A CCTV inspection of the Frankton sewer pipe which was blocked recently, shows the fat (top) from households and businesses which remained in the 30cm pipe after several cleanings. Photo by QLDC.
Repeated sewage spills into Lake Wakatipu, one of the
country's top tourist and recreational attractions, should
end in prosecution for those who block the pipes,
environmental organisations say.
''In our view, nothing raises awareness, sharpens the focus,
or causes behaviour change quicker than the real prospect of
prosecution,'' Fish and Game Otago operations manager Ian
In the past year, there had been nine unauthorised spills of
sewage into Lake Wakatipu in the Queenstown, Frankton and
There had also been two this month, one at Kelvin Heights and
the other at Frankton.
Queenstown Lakes District Council infrastructure and assets
general manager Erik Barnes said six were caused by the
actions of other parties putting inappropriate material in
the sewerage system and the others were caused by problems
with tree roots, which the council considered a maintenance
The Otago Regional Council recently met the QLDC to express
its concerns about the high number of spills into the lake.
Council environmental monitoring and operations director Jeff
Donaldson said the district council needed to reduce the
number of spills by finding the causes and acting.
The regional council was not going to prosecute the district
council for the spills as they were not because of a failure
of its systems, but caused by a third party.
''When discharges to water occur, someone needs to be held
accountable so they need to ensure it is traced back to the
The district council had to make the public more aware of the
dangers of putting things down the stormwater and sewerage
system, he said.
Those were different circumstances to the council's
prosecution of dairy farmers for spills to waterways as a
farmer had control of discharges from his property, he said.
''We are not going soft on them. We are working with them.
They fully understand we don't appreciate those spills into
Other Otago towns did not face quite the same challenges as
Queenstown, which is built beside a lake and surrounded by
hills. Spills into lakes were also easier to spot compared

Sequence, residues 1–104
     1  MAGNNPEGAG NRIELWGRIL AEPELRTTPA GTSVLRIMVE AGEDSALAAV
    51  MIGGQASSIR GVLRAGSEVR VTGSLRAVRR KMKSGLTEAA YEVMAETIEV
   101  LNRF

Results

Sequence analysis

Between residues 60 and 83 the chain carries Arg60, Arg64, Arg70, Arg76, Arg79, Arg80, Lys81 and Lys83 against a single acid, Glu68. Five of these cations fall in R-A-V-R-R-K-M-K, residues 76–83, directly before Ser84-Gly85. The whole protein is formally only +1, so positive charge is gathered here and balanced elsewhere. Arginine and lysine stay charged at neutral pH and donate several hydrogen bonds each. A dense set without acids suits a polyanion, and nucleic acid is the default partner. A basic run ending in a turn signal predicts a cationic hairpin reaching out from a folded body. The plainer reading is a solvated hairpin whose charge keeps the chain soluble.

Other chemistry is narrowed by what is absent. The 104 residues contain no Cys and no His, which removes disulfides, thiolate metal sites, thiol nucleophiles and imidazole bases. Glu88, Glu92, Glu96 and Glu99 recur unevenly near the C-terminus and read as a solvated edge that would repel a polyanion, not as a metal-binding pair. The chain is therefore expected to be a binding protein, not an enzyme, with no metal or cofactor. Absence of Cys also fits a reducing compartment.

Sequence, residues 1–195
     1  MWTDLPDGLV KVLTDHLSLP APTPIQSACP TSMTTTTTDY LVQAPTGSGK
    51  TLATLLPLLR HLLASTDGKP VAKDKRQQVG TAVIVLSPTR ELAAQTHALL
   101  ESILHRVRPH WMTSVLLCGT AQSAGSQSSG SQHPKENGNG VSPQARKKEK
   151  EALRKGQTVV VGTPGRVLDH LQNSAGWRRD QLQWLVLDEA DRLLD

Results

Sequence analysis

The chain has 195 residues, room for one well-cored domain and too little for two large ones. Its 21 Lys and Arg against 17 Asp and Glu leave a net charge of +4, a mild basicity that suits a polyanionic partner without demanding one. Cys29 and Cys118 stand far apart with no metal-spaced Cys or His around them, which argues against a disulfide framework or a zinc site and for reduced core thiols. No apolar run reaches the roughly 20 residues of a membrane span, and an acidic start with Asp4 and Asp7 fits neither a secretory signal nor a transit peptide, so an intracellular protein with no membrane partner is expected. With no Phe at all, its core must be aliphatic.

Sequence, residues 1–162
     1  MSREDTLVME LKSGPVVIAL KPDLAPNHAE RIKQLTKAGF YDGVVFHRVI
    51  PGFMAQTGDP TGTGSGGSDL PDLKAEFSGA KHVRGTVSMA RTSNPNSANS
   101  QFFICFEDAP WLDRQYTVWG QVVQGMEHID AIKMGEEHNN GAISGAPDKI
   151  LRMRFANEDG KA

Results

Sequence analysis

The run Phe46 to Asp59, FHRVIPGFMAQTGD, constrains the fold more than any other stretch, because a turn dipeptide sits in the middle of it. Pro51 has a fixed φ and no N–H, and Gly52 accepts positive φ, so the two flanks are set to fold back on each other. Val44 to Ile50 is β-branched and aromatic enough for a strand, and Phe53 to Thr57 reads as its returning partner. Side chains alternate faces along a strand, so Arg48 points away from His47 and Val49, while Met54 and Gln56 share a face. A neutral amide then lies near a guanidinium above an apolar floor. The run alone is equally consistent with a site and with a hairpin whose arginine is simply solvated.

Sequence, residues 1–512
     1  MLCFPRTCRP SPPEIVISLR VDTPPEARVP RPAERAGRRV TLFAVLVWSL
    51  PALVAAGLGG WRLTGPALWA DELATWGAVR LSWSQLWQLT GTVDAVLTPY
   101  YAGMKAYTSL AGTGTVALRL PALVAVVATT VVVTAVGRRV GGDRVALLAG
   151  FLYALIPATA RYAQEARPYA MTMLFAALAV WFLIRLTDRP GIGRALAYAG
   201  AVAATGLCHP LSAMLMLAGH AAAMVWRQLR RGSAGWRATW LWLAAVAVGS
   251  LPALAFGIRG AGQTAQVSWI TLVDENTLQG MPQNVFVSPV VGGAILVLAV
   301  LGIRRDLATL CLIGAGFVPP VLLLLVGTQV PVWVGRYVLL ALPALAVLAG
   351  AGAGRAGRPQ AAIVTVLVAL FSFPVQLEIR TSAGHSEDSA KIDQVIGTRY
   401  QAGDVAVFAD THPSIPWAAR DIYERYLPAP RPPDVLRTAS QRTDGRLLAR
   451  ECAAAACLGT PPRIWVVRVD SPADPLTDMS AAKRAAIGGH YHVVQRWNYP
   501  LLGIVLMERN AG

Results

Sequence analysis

with those into fast-flowing rivers.
''The risk is much higher.''
The district council was always very good at reporting any
spills, Mr Donaldson said.
Mr Barnes said the council allocated $3 million to operating
and maintaining wastewater systems across the district in
this financial year on top of $5 million in capital works.
The council was looking at developing a trade waste bylaw
and, as a ''last resort'', prosecuting perpetrators.
However, with an extensive network and challenging terrain,
there would occasionally be failures, he said.
The recent overflows in central Queenstown and at Frankton
Beach were both examples of third parties putting debris in
the system which blocked sewer pipes.
Apart from the two December overflows, which involved 500 and
50 litres of wastewater respectively, the other overflows
involved minimal amounts.
The council would work closely with the regional council to
ensure overflows were as infrequent as possible, and had the
minimum adverse impact, he said.
The strategy for achieving that included increasing the
environmental consequences of putting inappropriate items
into the sewerage system and ensuring tree roots did not
become a problem, better maintenance and improving the plan
for managing the entire stormwater and wastewater assets.
Mr Hadland said it was always disappointing to hear about
discharges of pollutants to freshwater systems especially at
the height of the tourist and angling season.
''This is especially so in pristine environments such as
Queenstown Lakes area. It has a reputation for very high
water quality and the Frankton Arm is one of the most popular
areas for angling.''
There had been a lot of pressure on agriculture to improve
its performance around discharges to the environment and many
farmers had undertaken works to remove direct discharges but
more importantly lower their risk of accidental discharges to
Fish and Game was heartened to hear Queenstown Lakes had a
plan to address this but questioned whether prosecution for
negligent acts should be a last resort.